The Turkish apricots were delicious; I’d had these from Trader Joe’s before. They’re juicier than the average dried apricot, and so if you like those, you’ll love these. 

Trader Joe’s halva (or halvah) was quite good. Though I’ve seen it done differently, halva to me is a flakey –– or slightly fudgy, depending on where you get it –– dessert made of tahini, sugar and pieces of nuts. The Trader Joe’s version was just that, but was cocoa and vanilla flavored! In terms of a cheap, short notice halva, I’d say it was rather tasty.

Finally, their Za’atar spice. Za’atar (or zahtar) is a blend of dried spices, often including (but not limited to): thyme, oregano, sumac and sesame seeds. It can be put on just about everything, but I’ve always enjoyed it on bread or on some labneh (yogurt) with a bit of olive oil. I associate za’atar with a very sour flavor, but TJ’s version lacked that. It was also much more finely ground than I was used to, but that was of little importance. All in all, I’d say you’re better off grabbing this from a local halal grocery store, but it is convenient.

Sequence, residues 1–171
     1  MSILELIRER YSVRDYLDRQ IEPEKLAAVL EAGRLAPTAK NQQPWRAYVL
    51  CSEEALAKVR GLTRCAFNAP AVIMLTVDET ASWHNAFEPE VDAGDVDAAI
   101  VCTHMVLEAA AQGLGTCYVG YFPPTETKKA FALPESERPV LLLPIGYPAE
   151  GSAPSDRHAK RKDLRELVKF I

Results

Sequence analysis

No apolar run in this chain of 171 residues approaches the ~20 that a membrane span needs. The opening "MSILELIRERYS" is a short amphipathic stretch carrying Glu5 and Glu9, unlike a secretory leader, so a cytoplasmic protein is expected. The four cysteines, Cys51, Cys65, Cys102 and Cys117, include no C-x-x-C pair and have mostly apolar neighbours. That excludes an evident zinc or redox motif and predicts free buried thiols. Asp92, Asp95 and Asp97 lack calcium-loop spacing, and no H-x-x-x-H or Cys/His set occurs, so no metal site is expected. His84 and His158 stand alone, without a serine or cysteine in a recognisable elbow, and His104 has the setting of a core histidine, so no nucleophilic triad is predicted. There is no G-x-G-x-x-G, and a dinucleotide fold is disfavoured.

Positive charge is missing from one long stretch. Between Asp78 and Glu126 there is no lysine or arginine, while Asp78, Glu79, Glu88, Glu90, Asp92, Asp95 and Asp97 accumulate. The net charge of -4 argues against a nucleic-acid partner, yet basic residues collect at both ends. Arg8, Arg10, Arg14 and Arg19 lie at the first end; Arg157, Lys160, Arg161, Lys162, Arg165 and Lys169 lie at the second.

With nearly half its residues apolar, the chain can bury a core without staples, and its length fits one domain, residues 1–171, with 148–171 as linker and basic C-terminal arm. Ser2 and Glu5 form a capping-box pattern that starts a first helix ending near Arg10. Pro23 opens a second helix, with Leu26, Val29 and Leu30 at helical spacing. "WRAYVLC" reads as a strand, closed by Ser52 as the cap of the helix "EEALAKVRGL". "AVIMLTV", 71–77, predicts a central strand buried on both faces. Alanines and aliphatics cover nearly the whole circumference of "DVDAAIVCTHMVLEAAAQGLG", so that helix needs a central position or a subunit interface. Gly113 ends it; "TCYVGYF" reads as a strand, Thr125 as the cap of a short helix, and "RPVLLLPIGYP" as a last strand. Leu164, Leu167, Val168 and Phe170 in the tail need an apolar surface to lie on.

Though it isn’t a home cooked meal, these Trader Joe’s options are as close as I’ve gotten to some convenient Middle Eastern cuisine that I can buy in advance and eat whenever. I came in with high expectations, and all things considered, I feel satisfied with these options. If you’ve been on the search like me, I’d recommend you try these for yourself if you haven’t already. Perhaps it’s time I ask my dad how to make some fresh kibbeh in my small collegetown kitchen, and treat myself and my roommates to some freshly cooked Middle Eastern food.

Natasha Aysseh is a sophomore in the College of Arts and Sciences. She can be reached at nca28@cornell.edu.